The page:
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Obama Administration Should Not "Fast-Track" Deportations

The recent crisis along the southern border with Mexico has prompted much debate in Washington and around the country. Seeing as President Obama was already walking a thin line on the immigration debate, his response to the crisis has received criticism from all sides. On the right, critics claim that the President's "lax" border enforcement and his implementation of DACA  have created incentives for young unaccompanied minors to flood the border. Meanwhile, detractors on the left have called the crisis a refugee situation and have asked the President to provide the children with legal representation and ensure they are afforded due process and welcomed in the United States. For his part, President Obama has tried to appear both sympathetic to the plight of the migrant children while also resolute and tough about border security, all while keeping any hope of Comprehensive Immigration Reform alive. As you might expect, this strategy hasn't really worked out that well. The President's request for $3.7 billion to secure the border, provide international aid to Central America, increase funding for the immigration courts and the Department of Health and Human Services has gone failed to pass the Republican held House.

Furthermore, the President's message that most of these children will be deported and his emphasis on fast-tracking deportation hearings has infuriated many on the left, and for good reason. Critics see it as a PR stunt to appear strong while simultaneously stripping migrants of their right to seek asylum and to due process. Two recent news stories illustrate why this "tough" talk is disastrous in reality, for both the due process of the migrants and immigration court system as a whole.

The Houston Chronicle comes at this story from a more personal perspective, profiling a paralegal named Laura Rheinheimer who worked for a non-profit based in Harlingen, Texas, and her 17-year-old client, Elvin Rodriguez, from Honduras. When the Laura first met Elvin, her colleagues warned her that he was difficult and a lost cause. However, she understood that he was a child with a traumatic past caught up in an overly bureaucratic and unjust system. Filing for asylum was Elvin's only option, and a long shot since only 2% of all asylum cases are approved. While he was waiting for his case to be decided, Elvin was sexually abused by a guard at the detention center. However, the incident was swept under the rug and he was not aware that he could have applied for a U-Visa.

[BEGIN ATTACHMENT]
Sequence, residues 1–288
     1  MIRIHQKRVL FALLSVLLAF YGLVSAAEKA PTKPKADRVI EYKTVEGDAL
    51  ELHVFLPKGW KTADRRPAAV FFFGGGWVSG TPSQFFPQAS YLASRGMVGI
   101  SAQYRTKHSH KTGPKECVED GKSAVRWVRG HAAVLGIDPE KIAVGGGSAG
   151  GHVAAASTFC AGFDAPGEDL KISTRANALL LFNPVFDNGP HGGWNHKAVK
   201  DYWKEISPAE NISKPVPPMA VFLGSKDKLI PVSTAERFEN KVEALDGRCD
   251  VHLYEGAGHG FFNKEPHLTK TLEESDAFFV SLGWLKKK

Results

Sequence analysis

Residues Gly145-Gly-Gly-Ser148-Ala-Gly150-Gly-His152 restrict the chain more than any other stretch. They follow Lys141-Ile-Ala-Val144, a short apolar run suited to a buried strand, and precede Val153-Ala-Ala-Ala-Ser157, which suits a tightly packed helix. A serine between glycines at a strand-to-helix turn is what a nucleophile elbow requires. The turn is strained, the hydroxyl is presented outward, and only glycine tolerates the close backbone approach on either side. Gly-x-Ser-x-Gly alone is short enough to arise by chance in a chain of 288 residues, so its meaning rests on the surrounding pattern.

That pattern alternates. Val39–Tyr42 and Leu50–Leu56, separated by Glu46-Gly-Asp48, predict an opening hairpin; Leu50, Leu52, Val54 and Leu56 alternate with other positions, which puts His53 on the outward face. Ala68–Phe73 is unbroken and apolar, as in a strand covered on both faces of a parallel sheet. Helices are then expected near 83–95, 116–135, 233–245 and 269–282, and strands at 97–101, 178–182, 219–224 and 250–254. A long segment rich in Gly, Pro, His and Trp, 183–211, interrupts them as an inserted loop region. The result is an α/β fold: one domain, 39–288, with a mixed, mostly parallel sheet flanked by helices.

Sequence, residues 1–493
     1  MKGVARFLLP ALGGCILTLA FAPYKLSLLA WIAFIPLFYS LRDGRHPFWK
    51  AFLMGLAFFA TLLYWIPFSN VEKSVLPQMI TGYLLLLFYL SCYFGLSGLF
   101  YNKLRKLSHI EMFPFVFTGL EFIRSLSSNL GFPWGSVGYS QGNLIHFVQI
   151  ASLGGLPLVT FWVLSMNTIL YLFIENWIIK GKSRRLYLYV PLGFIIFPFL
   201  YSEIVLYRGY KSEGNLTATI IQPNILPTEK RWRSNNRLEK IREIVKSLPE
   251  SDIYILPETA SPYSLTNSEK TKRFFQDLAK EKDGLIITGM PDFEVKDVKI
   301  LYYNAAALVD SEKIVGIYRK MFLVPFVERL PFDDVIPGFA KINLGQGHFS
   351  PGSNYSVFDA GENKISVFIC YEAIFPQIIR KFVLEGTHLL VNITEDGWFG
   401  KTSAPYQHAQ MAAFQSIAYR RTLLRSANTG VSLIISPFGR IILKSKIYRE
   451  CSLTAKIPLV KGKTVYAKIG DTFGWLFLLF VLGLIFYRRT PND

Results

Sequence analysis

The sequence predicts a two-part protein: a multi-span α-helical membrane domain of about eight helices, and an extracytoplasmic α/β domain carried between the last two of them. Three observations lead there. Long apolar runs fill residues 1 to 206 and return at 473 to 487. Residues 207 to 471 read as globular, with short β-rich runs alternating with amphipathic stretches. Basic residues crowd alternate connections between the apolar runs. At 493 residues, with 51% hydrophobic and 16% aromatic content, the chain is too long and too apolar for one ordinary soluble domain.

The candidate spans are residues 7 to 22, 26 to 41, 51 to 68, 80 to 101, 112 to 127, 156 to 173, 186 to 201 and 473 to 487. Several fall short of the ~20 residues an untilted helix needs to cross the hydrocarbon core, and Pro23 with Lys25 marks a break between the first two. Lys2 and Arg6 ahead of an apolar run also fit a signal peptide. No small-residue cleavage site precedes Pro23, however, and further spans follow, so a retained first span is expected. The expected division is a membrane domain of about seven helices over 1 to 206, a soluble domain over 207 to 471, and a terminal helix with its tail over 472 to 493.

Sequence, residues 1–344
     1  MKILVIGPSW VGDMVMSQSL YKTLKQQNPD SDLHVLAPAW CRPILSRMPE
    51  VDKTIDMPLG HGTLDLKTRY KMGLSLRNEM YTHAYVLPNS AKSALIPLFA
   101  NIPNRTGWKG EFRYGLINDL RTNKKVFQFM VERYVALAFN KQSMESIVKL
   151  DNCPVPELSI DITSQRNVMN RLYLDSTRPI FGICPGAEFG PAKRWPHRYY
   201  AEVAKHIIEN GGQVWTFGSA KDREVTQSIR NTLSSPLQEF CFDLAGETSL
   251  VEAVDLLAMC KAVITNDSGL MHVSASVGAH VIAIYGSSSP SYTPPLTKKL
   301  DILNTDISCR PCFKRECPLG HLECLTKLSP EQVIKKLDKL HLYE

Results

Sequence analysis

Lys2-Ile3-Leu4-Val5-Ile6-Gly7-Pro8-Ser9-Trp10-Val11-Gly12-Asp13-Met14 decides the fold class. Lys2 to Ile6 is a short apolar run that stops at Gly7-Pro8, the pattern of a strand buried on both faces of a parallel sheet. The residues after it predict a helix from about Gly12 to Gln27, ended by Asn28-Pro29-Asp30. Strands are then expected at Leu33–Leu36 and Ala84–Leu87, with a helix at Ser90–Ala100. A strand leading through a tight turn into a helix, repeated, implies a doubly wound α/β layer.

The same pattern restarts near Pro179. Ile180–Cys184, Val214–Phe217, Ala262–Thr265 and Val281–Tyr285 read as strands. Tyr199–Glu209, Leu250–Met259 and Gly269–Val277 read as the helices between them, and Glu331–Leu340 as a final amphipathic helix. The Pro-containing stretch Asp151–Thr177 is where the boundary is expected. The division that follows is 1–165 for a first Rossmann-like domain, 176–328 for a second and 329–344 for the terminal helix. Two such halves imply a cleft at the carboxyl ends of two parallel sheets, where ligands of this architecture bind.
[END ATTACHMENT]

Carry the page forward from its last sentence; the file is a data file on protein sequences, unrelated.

Elvin continued with his asylum case and when he was 18 he was transferred to an adult detention center. After waiting for years his asylum case was approved. He is moving on with his life but still has nightmares about the abuse he suffered in the detention center.

Elvin's case illustrates how difficult and complicated asylum cases are. He was a scared child, terrified to open up to lawyers, asylum officers, and paralegals. He was lucky that one paralegal took a chance on him. Unfortunately, many of the unaccompanied children crossing the border won't have such a chance, especially if deportations are "fast-tracked". It's unrealistic to expect children, with no legal counsel, who have just gone through a traumatic ordeal to open up to border patrol and asylum officers. Speeding up this process seriously risks violating these children's rights to due process and the United States' commitment to respecting human rights.

NPR also weighed in on this issue with the President of the National Association of Immigration Judges, Dana Leigh Marks, warning that "fast-tracking increases the likelihood of further clogging the court system, as the practice could lead to appeals based on noncitizens' lack of understanding of the U.S. process".  Judge Marks also noted that immigrants are better served and the court system functions more efficiently when noncitizens have legal representation. And while noncitizens in immigration proceedings have the right to be represented by an attorney, they must pay on their own. There is no public defender like system for the immigration courts.  The result is that most immigrants cannot afford to hire a lawyer and end up going through the exceedingly complicated and bureaucratic process by themselves. Nonprofits that offer pro bono legal services to immigrants are overwhelmed and cannot possibly serve all those in immigration proceedings. 

It's easy to understand why President Obama is taking this "fast-track" approach. It sounds good and makes him look tough. Unfortunately, it's completely misguided. Not only is "fast-tracking" deportation hearings a total violation of a person's right to a fair trial and due process, it's an overly simplistic response to an incredibly complicated humanitarian crisis. As Elvin's story shows, asylum cases take time and dedicated legal representatives to build a credible story. And as Judge Marks points out, immigrants' lack of understanding of the court system will inevitably lead to problems and delays down the line. "Fast-tracking" only exacerbates these problems. It may sound like a good idea now, but it will only serve to delay the already beleaguered immigration court system and deny justice to thousands of immigrants seeking safety and security in our country.

Sources: "The case for asylum: A child's long, lonely trek" by Susan Carroll. The Houston Chronicle.  http://www.houstonchronicle.com/news/special-reports/article/The-case-for-asylum-A-child-s-long-lonely-trek-5665031.php#/0

"A Top Immigration Judge Calls for a Shift on 'Fast-Tracking'" by Richard Gonzales.  NPR. http://www.npr.org/blogs/thetwo-way/2014/08/08/338908762/a-top-immigration-judge-calls-for-shift-on-fast-tracking